It was February 6th, 2014 and I was browsing an email newsletter from "I Know The Chef", a service that allows members to book prime time reservations at popular restaurants and receive VIP service. At the bottom of the email, a same day 7:45pm table for 4 at EMP opened up and was available.
My heart skipped a beat. I had recently picked up Danny Meyer’s book, “Setting the Table: The Transforming Power of Hospitality in Business” which chronicles how he opened EMP as well as the challenges faced and lessons learned while employing the power of hospitality and service in the food industry.
Eating at Eleven Madison Park (ranked 4th in the world with 3 Michelin stars) has been a dream of mine ever since moving to New York in the summer of 2007. From my early exposure to Shake Shack, where I learned what a real quality burger tasted like, to the venerable Gramercy Tavern where I received some of the best service in recent memory, EMP would be the crown jewel that would meld both concepts at the highest level.
Without hesitation, and with 3 empty seats to fill, I had called and confirmed the reservation with IKTC’s Joshua Stern who was a pleasure to deal with. Luckily, over the next 2 hrs, I was able to find 3 of my friends willing to drop $225 for a dinner happening in a few hours.
At 7:45pm, we all arrived and marveled at the entrance tucked away just steps away from Madison Square Park’s Shake Shack.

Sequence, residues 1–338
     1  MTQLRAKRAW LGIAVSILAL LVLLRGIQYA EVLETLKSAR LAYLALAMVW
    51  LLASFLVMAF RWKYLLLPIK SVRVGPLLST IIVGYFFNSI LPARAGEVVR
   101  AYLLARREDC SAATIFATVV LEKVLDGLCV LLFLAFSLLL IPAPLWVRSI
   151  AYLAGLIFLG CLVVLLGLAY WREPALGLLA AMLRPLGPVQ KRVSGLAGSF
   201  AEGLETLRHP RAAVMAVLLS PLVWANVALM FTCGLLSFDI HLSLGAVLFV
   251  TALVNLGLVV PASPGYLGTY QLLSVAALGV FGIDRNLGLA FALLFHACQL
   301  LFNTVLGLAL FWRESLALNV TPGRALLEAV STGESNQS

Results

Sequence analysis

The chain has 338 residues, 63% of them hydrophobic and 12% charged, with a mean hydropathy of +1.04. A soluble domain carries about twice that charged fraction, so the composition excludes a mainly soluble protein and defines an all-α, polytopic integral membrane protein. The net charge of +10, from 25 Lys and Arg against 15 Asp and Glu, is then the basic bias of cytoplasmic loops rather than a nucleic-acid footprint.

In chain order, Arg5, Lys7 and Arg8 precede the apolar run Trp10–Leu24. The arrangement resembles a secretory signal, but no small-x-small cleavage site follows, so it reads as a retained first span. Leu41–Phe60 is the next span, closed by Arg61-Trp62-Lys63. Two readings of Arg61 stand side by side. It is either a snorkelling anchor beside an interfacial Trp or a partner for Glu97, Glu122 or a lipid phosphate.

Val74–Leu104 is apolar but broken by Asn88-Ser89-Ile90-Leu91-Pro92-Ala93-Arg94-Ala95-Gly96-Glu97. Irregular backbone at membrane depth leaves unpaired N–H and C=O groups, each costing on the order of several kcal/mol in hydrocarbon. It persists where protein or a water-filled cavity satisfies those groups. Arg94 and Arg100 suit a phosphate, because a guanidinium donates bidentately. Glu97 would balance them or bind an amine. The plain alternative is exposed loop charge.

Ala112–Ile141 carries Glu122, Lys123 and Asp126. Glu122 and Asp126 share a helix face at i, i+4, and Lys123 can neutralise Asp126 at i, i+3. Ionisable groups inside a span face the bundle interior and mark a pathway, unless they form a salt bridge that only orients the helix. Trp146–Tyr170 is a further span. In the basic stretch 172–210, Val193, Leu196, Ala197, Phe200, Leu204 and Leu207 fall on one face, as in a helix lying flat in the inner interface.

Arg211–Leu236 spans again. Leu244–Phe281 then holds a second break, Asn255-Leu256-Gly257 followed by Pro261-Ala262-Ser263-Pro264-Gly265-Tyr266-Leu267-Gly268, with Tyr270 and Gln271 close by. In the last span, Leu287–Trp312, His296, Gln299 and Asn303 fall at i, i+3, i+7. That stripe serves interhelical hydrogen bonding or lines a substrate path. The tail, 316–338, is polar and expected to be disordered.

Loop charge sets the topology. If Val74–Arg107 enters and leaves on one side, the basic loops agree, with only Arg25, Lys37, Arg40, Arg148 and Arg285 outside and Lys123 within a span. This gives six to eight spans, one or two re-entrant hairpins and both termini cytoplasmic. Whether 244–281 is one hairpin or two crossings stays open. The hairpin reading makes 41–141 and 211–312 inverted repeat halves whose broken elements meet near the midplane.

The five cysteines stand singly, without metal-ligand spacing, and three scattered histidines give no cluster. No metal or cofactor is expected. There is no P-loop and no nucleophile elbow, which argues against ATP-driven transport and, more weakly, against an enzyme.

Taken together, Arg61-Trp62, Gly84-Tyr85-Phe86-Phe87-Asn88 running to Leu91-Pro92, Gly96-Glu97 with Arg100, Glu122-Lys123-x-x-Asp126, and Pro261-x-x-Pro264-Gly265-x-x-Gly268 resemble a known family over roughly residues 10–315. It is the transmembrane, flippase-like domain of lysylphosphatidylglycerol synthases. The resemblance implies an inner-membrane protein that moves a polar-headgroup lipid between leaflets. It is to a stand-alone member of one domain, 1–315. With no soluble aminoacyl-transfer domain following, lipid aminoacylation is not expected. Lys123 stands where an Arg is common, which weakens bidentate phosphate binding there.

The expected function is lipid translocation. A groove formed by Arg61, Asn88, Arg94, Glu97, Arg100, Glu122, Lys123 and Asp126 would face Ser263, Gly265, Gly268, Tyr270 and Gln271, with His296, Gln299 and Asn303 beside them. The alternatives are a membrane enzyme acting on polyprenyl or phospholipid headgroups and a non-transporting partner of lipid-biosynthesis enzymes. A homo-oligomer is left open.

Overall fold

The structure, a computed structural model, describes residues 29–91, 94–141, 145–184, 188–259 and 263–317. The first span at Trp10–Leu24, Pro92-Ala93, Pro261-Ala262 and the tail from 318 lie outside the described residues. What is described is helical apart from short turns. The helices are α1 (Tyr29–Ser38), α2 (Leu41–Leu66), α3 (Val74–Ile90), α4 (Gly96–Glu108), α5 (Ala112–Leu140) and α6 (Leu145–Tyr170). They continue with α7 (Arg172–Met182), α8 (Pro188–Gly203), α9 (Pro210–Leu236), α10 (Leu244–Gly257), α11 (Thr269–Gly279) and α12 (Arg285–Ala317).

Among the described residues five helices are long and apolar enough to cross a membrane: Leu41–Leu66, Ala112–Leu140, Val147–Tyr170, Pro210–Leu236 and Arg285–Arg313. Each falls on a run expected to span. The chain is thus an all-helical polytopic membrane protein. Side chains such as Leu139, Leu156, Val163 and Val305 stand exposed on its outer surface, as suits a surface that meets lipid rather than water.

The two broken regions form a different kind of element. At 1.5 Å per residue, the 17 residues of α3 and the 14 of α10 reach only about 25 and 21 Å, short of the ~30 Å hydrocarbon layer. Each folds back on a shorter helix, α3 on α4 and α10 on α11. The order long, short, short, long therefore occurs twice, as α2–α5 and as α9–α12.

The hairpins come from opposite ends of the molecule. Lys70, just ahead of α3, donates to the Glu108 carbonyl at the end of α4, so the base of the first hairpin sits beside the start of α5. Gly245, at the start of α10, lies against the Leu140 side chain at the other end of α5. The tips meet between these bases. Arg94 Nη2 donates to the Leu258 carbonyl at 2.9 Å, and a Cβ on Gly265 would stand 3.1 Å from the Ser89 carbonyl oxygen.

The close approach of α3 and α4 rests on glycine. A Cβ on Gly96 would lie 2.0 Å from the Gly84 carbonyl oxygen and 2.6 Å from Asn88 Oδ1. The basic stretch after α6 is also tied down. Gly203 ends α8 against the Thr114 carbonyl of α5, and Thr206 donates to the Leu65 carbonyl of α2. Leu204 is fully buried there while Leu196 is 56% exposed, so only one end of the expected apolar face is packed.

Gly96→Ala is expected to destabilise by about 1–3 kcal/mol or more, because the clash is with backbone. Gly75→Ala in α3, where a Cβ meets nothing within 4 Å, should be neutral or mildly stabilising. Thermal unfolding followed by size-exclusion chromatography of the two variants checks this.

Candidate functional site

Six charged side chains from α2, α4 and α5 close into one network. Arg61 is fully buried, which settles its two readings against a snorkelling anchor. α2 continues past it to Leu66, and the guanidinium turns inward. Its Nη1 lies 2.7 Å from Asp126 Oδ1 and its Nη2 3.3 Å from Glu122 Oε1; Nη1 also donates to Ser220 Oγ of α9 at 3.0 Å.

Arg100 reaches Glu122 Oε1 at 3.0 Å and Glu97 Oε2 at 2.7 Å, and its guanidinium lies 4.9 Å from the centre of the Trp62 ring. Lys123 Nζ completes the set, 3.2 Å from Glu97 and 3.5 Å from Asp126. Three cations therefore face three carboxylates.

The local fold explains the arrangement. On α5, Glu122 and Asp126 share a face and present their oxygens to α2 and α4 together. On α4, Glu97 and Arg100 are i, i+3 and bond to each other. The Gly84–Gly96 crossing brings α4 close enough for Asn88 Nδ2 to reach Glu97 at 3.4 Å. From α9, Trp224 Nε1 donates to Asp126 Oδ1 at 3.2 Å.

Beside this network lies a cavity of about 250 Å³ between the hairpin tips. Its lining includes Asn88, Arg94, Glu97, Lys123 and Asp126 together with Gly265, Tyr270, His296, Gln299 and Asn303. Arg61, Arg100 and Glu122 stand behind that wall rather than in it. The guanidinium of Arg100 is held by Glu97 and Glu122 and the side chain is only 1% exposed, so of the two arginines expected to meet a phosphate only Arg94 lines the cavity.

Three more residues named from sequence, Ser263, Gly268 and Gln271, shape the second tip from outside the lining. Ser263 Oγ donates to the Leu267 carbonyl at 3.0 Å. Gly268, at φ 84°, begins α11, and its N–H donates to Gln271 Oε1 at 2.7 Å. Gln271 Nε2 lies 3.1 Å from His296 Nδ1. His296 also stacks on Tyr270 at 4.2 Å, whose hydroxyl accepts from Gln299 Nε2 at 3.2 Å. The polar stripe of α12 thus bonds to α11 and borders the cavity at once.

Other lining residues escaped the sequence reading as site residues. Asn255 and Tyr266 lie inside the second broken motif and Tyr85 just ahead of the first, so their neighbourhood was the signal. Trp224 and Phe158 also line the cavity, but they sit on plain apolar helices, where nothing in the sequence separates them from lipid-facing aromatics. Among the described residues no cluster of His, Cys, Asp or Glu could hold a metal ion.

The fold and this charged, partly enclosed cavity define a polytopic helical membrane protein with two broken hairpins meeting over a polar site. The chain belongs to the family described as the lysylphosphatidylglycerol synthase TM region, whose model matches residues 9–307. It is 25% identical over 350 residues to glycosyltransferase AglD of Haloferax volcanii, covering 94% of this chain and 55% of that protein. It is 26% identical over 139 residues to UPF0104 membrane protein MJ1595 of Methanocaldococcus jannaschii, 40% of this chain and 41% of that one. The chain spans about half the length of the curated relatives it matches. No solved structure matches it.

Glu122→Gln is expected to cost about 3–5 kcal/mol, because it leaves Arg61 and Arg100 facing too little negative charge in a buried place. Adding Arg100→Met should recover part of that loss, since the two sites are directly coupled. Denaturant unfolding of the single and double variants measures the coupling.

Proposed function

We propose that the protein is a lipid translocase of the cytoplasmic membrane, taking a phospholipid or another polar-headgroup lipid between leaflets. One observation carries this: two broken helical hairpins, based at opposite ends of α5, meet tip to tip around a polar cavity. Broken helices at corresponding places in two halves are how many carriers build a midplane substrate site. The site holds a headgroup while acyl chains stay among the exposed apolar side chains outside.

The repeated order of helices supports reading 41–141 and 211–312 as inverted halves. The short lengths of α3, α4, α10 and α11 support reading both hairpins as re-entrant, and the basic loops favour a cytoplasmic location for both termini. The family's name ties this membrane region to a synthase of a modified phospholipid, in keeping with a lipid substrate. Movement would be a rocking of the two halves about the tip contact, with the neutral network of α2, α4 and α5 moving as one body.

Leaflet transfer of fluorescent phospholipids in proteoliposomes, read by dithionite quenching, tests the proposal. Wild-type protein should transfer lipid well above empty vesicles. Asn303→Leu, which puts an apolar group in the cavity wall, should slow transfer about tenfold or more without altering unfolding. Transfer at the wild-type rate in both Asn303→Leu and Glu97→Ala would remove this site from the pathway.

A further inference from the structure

We were greeted warmly by the host and as he led us to our table, I marveled at the high ceilings and the warm glow of soft light - a balance between formal and cozy.
The host saw that we had bags with us and within seconds, these hooks magically appeared out of thin air. They clamped on the tables and held our bags with ease. I’ve never seen anything like that before and thought it was the coolest thing in the world but my female companions assured me it was quite common. Still, bonus points for great service as most places wouldn’t do anything about your bags and assume you’d leave it on the dirty floor.
After settling in, we were given an envelope and a letter opener. None of us had any clue what was going on as we opened the envelope and 4 cards tumbled forth silently on the tablecloth. Each person at the table picks one ingredient and their forthcoming dishes would be built around that ingredient in different variations.
Our earl grey tea arrived shortly in these gorgeous ceramic cups and saucers handmade by Jono Pandolfi, a dinnerware designer who plies his trade from an abandoned factory in New Jersey and supplies dinnerware to some of NYC’s top restaurants such as EMP, Nomad, Atera and so on.
A gift box wrapped in twine was dropped off at our table and Sharon squealed like it was Christmas morning.
The box contained savory black and white cheddar cookies with apple filling which tasted like elevated Cheez-Its.
The oyster dish was not too briny and the creaminess of the vichyssoise worked hand in hand with the salinity of the caviar to produce a perfectly balanced bite. The table agreed that we could have put down a dozen more easily - what a tease to only experience one.